A: Artists, writers and cultural organizations included in the Répertoire have been accepted based on their applications and professional status. Additionally, artists must have completed formal training (or equivalent), been practicing their artistic discipline for at least 2 years, and must have professionally presented their work in the past 5 years. Writers must have been published or produced professionally in the past 7 years. A selection committee must have reviewed and accepted their work on a professional basis, as well as how it relates to the Culture in the Schools program.
Q: What if I want to invite an artist/writer that is not listed in the Répertoire?
A: You must choose artists/writers listed in the Répertoire to qualify for funding under the Culture in the Schools program. If they are not listed, you can still invite them, but the funding must come from elsewhere. Also, you can encourage them to apply to be listed in the next edition of the Répertoire (deadline will be fall of 2013).
Q: An artist will be coming to my community to do a show/concert/exhibition. How can I get them to come into my school and work with the students?
A: Look up the artist in the Répertoire de ressources culture-éducation, and if they are listed, contact them to discuss possible dates and workshops they could do in your school. If it is too late to get funding, or if they are not listed in the Répertoire, work with the presenter/group who has contracted the artist to see if a partnership or sponsorship is possible. Alternatively, your local “parent/teacher association” may have last-minute funding available. Often, if an artist will already be traveling a distance, they will be happy to make the most of their stay. And while they should never be expected to work for free, there may be flexibility in their fee since the cost of travel is already accounted for.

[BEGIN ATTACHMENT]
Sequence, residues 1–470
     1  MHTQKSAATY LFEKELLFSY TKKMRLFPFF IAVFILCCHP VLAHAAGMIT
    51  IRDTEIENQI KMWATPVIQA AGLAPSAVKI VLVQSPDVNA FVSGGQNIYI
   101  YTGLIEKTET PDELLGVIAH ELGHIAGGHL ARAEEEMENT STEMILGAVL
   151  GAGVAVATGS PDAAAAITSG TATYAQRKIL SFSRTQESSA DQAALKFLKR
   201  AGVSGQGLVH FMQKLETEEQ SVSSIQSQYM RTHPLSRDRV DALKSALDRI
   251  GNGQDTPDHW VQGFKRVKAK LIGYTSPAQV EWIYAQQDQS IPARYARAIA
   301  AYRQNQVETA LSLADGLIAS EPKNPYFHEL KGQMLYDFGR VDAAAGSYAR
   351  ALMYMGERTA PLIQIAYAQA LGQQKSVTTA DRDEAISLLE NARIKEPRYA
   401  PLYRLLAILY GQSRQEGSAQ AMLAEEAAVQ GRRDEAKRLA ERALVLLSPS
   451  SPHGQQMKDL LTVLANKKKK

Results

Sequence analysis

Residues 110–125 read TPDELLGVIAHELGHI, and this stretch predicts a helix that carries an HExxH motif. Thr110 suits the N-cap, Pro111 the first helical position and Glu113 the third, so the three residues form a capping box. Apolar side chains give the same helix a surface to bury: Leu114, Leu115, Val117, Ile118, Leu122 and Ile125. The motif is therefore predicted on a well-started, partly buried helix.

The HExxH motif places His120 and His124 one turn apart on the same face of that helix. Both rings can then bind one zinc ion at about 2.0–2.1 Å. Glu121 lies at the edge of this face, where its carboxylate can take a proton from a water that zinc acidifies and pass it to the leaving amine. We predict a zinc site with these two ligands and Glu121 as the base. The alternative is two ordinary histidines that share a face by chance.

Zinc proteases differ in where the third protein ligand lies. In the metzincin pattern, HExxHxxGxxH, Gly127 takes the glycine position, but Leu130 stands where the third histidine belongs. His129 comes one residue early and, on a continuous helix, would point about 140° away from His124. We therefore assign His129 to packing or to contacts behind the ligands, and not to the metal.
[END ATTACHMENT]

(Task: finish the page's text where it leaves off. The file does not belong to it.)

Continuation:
Q: An artist is coming to my school. How can we take advantage of having them here and do something with/for the community as well?
A: Contact your local presenters, bookstore or gallery owners, librarians, Lions’ Club, community center, or your Regional Association and let them know who you have coming to your community. Alternatively, your school could host a public event or workshop in the evening or on the weekend in partnership with a local presenter.
Q: Are there limits to how many projects/workshops each school can have through the program?
A: There is no limit to how much time an artist/writer works in a school. A series of workshops can span one day or several months. Nor is there an official limit to the number of projects. The only limit is funding, as each regional management committee must distribute its funds fairly, depending on demand and any pre-set criteria. Accordingly, the regional management committee may set limits on number of projects or days an artist can work in a given school. Currently, there is preference given to projects done with high-school students, and to cultural outings. (Note: funding does cover transportation costs, but not ticket prices for cultural outings.)